Now, after twenty years since it pioneered ultrasonic motors in lenses, Canon is again the forefront of SLR photography by returning stepper motor engineering with its new STM lens family. The main idea is to essentially silent focusing, necessary while recording video. In addition they focus quicker than the low-end Canon DC motor-powered lenses. However STM lenses aren't for everyone. Canon concedes that their STM motors are not as fast as their USM high-end lenses, at least at this point. They are also cost more than basic DC-motor-driven editions. A big advantage of USM lenses along with other lens designs such as the Nikon AF-S is the photographer's capability to manually override the autofocus by simply turning the focusing ring, without changing modes. Canon has been able to duplicate this ability in its new 18-135mm and 40mm STM lenses.
Time will tell us if combining the Rebel T4i and STM lenses, along with similar arrangements from other manufactures will mean the end of dedicated camcorders at last, however the latest micro-stepper motor technology will certainly make it more probable, just as 25 years ago when Canonís ultrasonic motor
innovation helped hasten the rangefinder camera decline .
Contrast Detect Autofocus
Contrast Detect Autofocus (CDAF) is used when no SLR mirror is at hand, which would embrace LiveView on any SLR
camera (making use of a rear LCD screen), or with an Electronic Viewfinder (such
as the Micro Four-Thirds camera system).
Phase Detect Autofocus
Phase Detect Autofocus (PDAF) is employed on an SLR containing a mirror, framing through the camera's viewfinder. Phase Detect needs a separate sensor underneath the mirror, whereas CDAF gets its data from actual imaging sensor.
However, Canon is not the first manufacturer to use a micro-stepping motor to enable quiet focus, only the first manufacturer to employ them on a single lens reflex. For instance, Sigma, has announced line of what they call Digital Neo (DN) lenses which employ linear motors which work on mirrorless cameras and provide similar silent operation and focusing accuracy to the Canon STM versions.
The new Sigma DN 19mm f/2.8 has ultra fast focus (faster than most Olympus or Panasonic lens). The Sigma 19mm DN hunt at all. (I would suppose it uses discrete step), is completely silent, although it needs one second initialization (add one second blackout to the camera power-up) and confirms the stepper motor requires indexing at the start of each cycle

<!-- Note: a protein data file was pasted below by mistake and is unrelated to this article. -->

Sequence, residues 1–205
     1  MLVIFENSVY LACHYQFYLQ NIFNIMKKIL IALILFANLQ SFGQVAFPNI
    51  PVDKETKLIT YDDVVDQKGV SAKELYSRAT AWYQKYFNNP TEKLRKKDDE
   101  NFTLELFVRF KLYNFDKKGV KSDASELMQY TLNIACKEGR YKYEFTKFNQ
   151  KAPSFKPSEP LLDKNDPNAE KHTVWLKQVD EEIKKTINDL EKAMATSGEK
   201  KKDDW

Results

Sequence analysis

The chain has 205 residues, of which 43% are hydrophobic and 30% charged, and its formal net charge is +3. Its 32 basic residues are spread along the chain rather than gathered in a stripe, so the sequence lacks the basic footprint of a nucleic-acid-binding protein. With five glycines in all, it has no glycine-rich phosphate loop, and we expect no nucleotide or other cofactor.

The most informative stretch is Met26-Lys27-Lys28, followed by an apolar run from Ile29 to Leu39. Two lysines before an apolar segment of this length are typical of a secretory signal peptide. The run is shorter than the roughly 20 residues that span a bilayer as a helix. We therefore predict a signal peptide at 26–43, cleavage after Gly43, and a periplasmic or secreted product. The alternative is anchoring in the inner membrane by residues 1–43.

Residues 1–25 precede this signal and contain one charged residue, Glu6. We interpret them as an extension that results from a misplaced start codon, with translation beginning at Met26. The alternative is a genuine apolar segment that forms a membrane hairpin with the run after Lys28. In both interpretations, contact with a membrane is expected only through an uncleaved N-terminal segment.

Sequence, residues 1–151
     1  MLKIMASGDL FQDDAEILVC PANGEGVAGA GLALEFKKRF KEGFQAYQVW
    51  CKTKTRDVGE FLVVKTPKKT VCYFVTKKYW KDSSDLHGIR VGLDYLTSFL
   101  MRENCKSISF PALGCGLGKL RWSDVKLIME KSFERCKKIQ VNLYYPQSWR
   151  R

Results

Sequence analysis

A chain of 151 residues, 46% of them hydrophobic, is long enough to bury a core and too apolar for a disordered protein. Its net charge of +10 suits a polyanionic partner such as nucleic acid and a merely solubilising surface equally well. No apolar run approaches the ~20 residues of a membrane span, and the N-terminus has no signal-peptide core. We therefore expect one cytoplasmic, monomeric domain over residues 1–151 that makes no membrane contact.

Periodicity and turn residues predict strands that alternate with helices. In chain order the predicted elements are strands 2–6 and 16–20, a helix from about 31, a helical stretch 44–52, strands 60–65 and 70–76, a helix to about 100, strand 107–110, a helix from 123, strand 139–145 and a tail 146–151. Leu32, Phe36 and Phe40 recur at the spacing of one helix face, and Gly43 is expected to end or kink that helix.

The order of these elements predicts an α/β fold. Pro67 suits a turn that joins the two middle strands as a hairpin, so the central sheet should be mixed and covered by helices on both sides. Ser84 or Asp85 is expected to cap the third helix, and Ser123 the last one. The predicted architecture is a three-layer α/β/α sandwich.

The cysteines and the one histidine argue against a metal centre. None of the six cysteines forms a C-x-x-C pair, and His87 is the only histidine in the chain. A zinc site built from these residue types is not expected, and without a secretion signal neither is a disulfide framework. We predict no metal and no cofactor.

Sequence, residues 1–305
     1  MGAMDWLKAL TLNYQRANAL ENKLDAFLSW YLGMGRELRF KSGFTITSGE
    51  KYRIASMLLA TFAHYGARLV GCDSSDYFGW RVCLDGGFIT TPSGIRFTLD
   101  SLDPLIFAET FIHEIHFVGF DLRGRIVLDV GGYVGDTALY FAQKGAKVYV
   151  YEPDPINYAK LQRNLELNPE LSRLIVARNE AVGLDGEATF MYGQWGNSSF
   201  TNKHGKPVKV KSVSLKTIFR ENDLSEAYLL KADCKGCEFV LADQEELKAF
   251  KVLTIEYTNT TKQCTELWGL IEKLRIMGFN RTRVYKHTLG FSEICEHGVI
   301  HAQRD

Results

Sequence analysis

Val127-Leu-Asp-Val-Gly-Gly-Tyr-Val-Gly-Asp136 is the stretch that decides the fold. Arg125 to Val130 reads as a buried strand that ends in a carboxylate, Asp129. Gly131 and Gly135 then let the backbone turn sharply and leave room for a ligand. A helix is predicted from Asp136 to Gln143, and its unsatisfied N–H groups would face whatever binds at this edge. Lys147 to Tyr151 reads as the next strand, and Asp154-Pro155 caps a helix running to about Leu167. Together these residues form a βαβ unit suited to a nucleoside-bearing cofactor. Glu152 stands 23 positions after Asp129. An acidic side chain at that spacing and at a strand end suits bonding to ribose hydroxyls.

The Sigma linear motor appears to be the same as the Canon STM. I believe we are seeing the future in the STM (stepper motor) as older version PDAF lens are terribly slow to focus using CDAF live view. older PDAF technology (USm or arc motor) is unsuitable for CDAF, they will work, but are extremely slow and labor terribly. You can't capture fast continuous autofocus video using PDAF lenses although you can capture fast continuous autofocus video using a CDAF lens
The Tamron stepping motor actuator provides finely tuned angular rotation control, and it directly powers the focusing mechanism without needing intermediate reduction gears, it also delivers superbly quiet performance.
Other mirrorless cameras lens makers also have caught onto micro-stepper motor advantages. In addition to their nearly stealth noise, micro-steppers provide very exacting incremental positioning. This is enormously helpful in speeding up contrast-detection autofocus required for mirrorless system cameras (phase detection autofocus, which is used to acquire still images in most DSLR
cameras, is more intelligent about knowing the direction in which to position
the lens, while therefore does not depend on fast, small movements for fine